Toronto Transportation

If you're planning on moving to Toronto, finding affordable townhouses and wrangling a decent job from the job market are not your only concerns. You'll also have to think about your plans for getting around the city, as this will effect the neighborhoods you'll be looking into, the companies you'll be applying to work for, and your overall budget. Use this page to familiarize yourself with your transportation options.


If you're willing to put extra time into finding an apartment near your workplace (or a job near you apartment, depending on whether you've already signed a lease or not), you can manage quite well by walking everywhere. Toronto is such a dense city that you're quite likely to have everything you need (groceries, parks, entertainment, etc) within a 20 minute walk, unless you live in the suburbs. Most walkers use public transit for their larger trips.


This increasingly popular method of transportation is often used by fitness or green-minded people who don't have the time to walk everywhere. However the major drawback to cycling in the city is that there's a distinct lack of dedicated bicycle lanes and many vehicle drivers are in need of anger management counselling. Another popular two wheeled option is the scooter or Vespa, which you can drive on the road without getting trapped in traffic. What is a Vespa you ask?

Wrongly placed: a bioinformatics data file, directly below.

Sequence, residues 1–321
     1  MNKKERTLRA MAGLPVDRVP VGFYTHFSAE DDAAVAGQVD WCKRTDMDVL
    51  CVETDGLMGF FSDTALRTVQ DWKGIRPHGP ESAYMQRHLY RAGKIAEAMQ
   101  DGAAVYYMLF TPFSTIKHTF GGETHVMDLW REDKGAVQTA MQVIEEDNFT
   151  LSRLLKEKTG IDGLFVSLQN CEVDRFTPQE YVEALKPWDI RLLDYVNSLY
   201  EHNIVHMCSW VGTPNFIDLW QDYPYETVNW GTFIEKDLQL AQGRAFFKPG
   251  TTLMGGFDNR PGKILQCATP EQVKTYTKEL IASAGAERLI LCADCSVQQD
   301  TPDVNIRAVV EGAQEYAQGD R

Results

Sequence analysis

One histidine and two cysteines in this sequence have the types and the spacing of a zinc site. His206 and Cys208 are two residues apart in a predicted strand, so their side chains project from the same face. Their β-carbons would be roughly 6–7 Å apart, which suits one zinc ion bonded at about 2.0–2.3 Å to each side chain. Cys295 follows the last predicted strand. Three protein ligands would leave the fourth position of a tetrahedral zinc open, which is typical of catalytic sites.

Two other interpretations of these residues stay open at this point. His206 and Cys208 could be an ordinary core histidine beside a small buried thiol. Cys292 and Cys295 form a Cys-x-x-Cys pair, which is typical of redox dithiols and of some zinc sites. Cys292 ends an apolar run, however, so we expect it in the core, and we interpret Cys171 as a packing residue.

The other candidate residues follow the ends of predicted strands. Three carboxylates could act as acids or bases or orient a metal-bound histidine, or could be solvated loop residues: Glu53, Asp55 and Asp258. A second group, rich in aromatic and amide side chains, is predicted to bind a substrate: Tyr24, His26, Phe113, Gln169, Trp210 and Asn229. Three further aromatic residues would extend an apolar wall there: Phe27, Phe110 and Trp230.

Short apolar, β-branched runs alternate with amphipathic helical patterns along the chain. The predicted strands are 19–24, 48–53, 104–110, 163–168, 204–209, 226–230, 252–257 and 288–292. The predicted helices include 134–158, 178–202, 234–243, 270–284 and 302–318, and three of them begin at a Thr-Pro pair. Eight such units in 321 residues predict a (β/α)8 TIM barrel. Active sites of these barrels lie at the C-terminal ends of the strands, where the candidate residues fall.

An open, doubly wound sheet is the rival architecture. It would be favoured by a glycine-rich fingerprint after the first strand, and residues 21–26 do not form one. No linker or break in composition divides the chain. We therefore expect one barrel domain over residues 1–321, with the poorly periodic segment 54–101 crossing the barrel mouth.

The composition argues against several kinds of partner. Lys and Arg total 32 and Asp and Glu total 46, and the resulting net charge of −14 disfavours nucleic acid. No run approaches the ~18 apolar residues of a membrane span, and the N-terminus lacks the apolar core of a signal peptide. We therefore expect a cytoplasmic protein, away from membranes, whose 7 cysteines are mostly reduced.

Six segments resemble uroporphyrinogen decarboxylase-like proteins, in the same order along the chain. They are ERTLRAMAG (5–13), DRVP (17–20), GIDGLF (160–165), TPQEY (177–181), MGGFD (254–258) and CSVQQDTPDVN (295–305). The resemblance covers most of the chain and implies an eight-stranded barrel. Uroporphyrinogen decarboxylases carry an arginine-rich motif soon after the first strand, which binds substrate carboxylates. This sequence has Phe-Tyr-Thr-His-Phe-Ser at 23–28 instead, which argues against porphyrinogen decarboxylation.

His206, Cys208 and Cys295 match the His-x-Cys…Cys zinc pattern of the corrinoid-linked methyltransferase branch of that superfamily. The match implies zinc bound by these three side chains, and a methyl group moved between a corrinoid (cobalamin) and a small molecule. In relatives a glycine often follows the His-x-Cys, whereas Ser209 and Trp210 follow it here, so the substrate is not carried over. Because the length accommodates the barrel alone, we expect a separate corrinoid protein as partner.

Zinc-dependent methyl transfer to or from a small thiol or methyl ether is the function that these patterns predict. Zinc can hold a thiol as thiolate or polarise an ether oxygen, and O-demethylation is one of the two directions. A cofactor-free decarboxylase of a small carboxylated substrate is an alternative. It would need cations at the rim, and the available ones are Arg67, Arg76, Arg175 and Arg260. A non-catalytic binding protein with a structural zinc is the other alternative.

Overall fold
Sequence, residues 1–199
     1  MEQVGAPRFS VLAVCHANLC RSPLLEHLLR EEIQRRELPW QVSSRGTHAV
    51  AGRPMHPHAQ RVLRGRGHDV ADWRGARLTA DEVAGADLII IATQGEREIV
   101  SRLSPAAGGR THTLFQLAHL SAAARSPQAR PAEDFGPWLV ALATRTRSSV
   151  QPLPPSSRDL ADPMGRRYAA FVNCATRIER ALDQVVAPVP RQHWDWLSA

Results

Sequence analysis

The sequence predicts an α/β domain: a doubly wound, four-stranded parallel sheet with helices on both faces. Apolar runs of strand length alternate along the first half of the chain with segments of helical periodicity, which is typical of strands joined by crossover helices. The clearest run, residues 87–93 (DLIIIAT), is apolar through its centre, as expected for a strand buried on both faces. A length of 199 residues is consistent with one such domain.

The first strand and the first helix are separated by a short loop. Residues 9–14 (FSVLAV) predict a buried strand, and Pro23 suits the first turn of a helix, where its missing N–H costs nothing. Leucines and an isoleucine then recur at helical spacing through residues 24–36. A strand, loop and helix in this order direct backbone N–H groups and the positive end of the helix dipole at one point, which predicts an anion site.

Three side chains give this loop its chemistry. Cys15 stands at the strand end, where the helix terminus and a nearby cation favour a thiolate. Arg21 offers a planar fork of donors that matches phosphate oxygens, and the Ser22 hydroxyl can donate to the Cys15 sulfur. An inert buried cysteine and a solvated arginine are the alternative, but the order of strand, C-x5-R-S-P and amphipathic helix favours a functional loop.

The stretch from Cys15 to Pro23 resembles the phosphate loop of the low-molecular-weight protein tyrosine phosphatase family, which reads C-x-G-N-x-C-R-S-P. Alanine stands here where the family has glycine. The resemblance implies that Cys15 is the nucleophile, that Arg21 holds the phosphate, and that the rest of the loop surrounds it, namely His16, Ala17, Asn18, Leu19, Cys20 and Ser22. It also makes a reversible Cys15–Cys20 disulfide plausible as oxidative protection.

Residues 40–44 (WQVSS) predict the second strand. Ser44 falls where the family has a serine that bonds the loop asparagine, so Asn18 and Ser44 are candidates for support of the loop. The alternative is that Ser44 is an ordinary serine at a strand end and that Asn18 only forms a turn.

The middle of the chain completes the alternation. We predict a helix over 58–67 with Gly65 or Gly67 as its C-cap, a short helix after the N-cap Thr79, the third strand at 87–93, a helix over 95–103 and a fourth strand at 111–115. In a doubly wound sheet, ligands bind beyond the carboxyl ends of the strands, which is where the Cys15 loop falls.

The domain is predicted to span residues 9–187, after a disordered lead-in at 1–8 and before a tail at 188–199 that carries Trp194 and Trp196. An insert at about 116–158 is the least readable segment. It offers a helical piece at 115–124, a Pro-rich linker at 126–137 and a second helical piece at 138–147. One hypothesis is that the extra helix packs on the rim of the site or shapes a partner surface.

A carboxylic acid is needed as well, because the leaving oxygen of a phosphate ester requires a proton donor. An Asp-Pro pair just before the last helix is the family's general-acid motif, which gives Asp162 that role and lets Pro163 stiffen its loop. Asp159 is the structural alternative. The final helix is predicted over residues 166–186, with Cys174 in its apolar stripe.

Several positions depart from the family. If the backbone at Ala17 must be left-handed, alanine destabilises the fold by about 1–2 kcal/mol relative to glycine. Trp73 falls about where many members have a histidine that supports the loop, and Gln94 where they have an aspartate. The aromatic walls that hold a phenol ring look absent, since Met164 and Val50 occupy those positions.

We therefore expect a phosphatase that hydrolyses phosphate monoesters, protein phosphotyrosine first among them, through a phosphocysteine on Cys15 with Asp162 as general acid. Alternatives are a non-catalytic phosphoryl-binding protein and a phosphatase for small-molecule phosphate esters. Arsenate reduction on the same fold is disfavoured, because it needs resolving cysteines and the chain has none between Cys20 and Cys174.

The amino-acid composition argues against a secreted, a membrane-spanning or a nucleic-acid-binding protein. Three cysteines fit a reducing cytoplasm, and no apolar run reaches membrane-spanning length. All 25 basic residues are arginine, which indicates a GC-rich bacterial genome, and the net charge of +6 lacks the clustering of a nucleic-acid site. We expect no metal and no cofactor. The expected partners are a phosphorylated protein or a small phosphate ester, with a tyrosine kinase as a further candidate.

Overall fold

Public Transit

Millions of people in big cities the world over, including Toronto, utilize public transit as their sole means of transportation. Between the buses, streetcars, and subways of the Toronto Transit Commission (which connect with the transit systems of the surrounding cities) and the GO Transit system that brings commuters in from outlying towns, you'll be able to get to your resume writing services job no matter where it is. A single adult fare is $3 and you can get a monthly pass for about $120.


A lot of people in Toronto still own cars because the city is not quite as narrow as European cities like London or Paris, and not quite as congested as New York or Los Angeles. If you're patient and you've taken a defensive driving course, Toronto should be manageable for you to drive in. However, be aware that it will take on average about an hour each way to commute and that parking (if you can find any) could amount to several hundred dollars per month. is proudly supported by We appreciate your support!

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Wednesday, February 21, 2024